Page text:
Optionally, the patient is free of diseases other than anxiety requiring treating with the antagonist. Optionally, the patient is free of diseases other than anxiety mediated by excitotoxicity. Optionally, the patient is free of stroke. Optionally, the patient is free of diseases mediated by excitotoxicity. Optionally, the agent is administered responsive to the patient having experienced an event promoting anxiety. Optionally, the patient has an episode of acute anxiety. Optionally, the patient is experiencing a panic disorder. Optionally, the patient has a phobic disorder and is being exposed to or is about to be exposed to the phobia. Optionally, the patient has social anxiety disorder and is being exposed to or is about to be exposed to a social situation that would trigger the disorder. Optionally, the patient has an obsessive-compulsive disorder and is showing symptoms of the disorder. Optionally, the patient has physical sensations of anxiety. Optionally, the physical sensations comprise heart palpitations, nausea, chest pain, shortness of breath, and/or tension headache.

Optionally, the patient has post-traumatic stress syndrome. Optionally, the patient has separation anxiety. Optionally, the agent is administered responsive to the patient experiencing anxiety about a future event. Optionally, the effective regime is administered responsive to diagnosis of anxiety in the patient. Optionally, the method further comprises administering a second regime effective for treatment or effecting prophylaxis of anxiety. Optionally, the second regime comprises administering a second agent. Optionally, the second regime comprises administering talk therapy. In some methods, the patient is human. Optionally, the agent is administered by intravenous infusion or subcutaneously. Optionally, the effective regime is administered after diagnosis of a symptom of anxiety in the patient to relieve the symptom, or arrest or inhibit further development of the symptom. Optionally, the agent is administered together with a pharmaceutically acceptable carrier as a pharmaceutical composition.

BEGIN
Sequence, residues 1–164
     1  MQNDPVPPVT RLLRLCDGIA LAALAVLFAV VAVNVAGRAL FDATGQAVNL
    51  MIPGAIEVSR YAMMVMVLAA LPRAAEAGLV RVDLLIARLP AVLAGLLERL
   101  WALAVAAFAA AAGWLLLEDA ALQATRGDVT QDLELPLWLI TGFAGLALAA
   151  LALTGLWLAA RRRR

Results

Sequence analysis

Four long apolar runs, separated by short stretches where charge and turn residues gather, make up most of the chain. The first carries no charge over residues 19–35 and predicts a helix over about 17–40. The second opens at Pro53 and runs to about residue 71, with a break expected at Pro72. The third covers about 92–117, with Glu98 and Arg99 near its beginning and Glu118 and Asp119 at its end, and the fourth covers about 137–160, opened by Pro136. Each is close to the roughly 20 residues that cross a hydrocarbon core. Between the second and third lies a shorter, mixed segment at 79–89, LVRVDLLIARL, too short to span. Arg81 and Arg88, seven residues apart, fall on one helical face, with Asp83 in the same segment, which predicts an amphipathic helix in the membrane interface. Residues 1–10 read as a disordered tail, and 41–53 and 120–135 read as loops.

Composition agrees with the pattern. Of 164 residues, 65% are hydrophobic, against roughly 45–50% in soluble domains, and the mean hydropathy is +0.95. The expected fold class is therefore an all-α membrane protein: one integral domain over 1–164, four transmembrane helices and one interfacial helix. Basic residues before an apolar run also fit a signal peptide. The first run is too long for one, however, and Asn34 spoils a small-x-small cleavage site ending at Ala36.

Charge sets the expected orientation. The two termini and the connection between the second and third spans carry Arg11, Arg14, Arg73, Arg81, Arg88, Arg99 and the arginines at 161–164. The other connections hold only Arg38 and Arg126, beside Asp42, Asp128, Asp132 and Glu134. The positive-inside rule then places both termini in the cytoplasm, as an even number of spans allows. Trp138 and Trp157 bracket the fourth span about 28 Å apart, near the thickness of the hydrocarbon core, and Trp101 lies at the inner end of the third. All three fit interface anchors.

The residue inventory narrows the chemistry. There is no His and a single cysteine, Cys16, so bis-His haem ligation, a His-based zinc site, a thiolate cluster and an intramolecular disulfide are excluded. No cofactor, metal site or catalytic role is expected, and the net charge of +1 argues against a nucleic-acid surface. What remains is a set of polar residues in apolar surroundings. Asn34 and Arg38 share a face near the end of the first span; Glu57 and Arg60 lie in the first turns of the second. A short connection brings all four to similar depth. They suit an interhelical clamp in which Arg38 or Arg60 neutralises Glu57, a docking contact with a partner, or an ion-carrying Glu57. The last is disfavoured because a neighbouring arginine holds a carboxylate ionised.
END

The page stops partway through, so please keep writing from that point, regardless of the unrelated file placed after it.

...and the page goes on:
Some methods further comprise monitoring the patient to assess the effects of treatment on a symptom and/or sign of anxiety. Optionally, the chimeric peptide is administered at a dose of from 0.05 to 500 mg, optionally 0.1 to 100 mg, 0.5 to 50 mg, or 1-20 mg.

The invention further provides a pharmaceutical composition for prophylaxis or treatment of symptoms of anxiety in a patient comprising a pharmaceutically acceptable carrier and an agent as defined above. Optionally, the pharmaceutical composition bears a label indicating suitability for treating or effecting prophylaxis of symptoms of anxiety.

The invention further provides the use of an agent as defined above in the manufacture of a medicament for treatment or effecting prophylaxis of anxiety.